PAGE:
Tightening the Loop between Free Innovators and Producers

As the scale of voluntary and unpaid design effort in the household sector becomes clear, both free innovators and commercial project sponsors are increasingly competing to "tighten the loop” between themselves and free innovators to obtain a larger share of that valuable resource. In this chapter, I will first explain how producers are learning to support free innovators in ways that benefit themselves but not their rivals. Next, I will explore how lower-cost pathways to commercialization are becoming available to household sector innovators. Finally, I will discuss how, via crowdsourcing, free innovators and producers are both learning to more effectively recruit free innovation labor from the household sector.

Visualizing the Loop

Recall that there are two pathways involving information and resource transfers between the free innovation paradigm and the producer innovation paradigm. First, innovation designs created by free innovators may be transferred from actors in the free innovation paradigm to actors in the producer innovation paradigm for commercial production and diffusion. Second, producers may transfer tools and other types of support to actors in the free innovation paradigm to assist free innovation development efforts. As we saw in our discussion of modeling findings in chapter 6, these two types of transfer between paradigms are related. That is, innovation support provided by producers can affect the rate and direction of free innovators' efforts, and as a consequence affect the transfer of commercially relevant designs from free innovators to producers. Due to these interactions, we can visualize the arrows between the two paradigms as forming a loop interconnecting activities within each, as is shown in figure 7.1.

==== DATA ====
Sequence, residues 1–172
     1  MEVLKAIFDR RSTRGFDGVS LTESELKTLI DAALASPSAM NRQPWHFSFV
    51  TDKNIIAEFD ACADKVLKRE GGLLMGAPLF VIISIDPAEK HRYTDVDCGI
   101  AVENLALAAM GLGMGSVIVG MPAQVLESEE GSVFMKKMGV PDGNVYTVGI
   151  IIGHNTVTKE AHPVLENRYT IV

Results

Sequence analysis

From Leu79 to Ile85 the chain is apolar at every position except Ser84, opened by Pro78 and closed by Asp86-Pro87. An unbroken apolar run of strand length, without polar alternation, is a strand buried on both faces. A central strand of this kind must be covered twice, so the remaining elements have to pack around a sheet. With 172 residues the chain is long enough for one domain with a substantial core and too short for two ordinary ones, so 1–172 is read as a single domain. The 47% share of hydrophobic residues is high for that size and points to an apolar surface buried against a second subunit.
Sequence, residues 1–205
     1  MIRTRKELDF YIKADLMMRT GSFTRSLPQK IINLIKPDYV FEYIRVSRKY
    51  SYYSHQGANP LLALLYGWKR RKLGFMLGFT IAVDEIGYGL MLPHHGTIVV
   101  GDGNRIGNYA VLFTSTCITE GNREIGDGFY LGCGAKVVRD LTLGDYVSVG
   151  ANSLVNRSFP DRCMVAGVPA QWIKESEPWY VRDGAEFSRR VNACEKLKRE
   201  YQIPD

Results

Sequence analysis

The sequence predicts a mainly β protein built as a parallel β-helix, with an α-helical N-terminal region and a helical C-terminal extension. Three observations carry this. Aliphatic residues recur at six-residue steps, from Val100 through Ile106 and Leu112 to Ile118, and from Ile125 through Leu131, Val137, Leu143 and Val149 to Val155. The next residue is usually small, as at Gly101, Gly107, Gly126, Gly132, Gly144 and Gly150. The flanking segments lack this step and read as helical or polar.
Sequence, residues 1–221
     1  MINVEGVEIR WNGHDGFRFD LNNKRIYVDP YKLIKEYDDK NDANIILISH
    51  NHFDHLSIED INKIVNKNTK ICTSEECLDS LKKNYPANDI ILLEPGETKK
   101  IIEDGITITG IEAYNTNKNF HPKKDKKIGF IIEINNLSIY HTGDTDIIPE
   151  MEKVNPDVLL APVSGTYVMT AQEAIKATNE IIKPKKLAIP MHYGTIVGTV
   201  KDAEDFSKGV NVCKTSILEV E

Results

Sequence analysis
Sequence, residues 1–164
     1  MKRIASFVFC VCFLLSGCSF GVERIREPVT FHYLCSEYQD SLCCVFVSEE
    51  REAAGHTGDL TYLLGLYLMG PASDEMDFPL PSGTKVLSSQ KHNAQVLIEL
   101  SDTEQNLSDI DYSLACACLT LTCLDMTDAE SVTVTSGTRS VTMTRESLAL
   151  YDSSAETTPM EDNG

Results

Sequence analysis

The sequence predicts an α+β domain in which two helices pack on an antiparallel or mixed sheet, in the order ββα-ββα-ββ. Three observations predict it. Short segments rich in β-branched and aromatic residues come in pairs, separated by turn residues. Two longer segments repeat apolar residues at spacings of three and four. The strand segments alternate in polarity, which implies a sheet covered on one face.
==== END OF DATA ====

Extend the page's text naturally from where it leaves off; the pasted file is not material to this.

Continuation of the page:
Figure 7.1

Tightening the loop between free innovators and producers (dark horizontal arrows).

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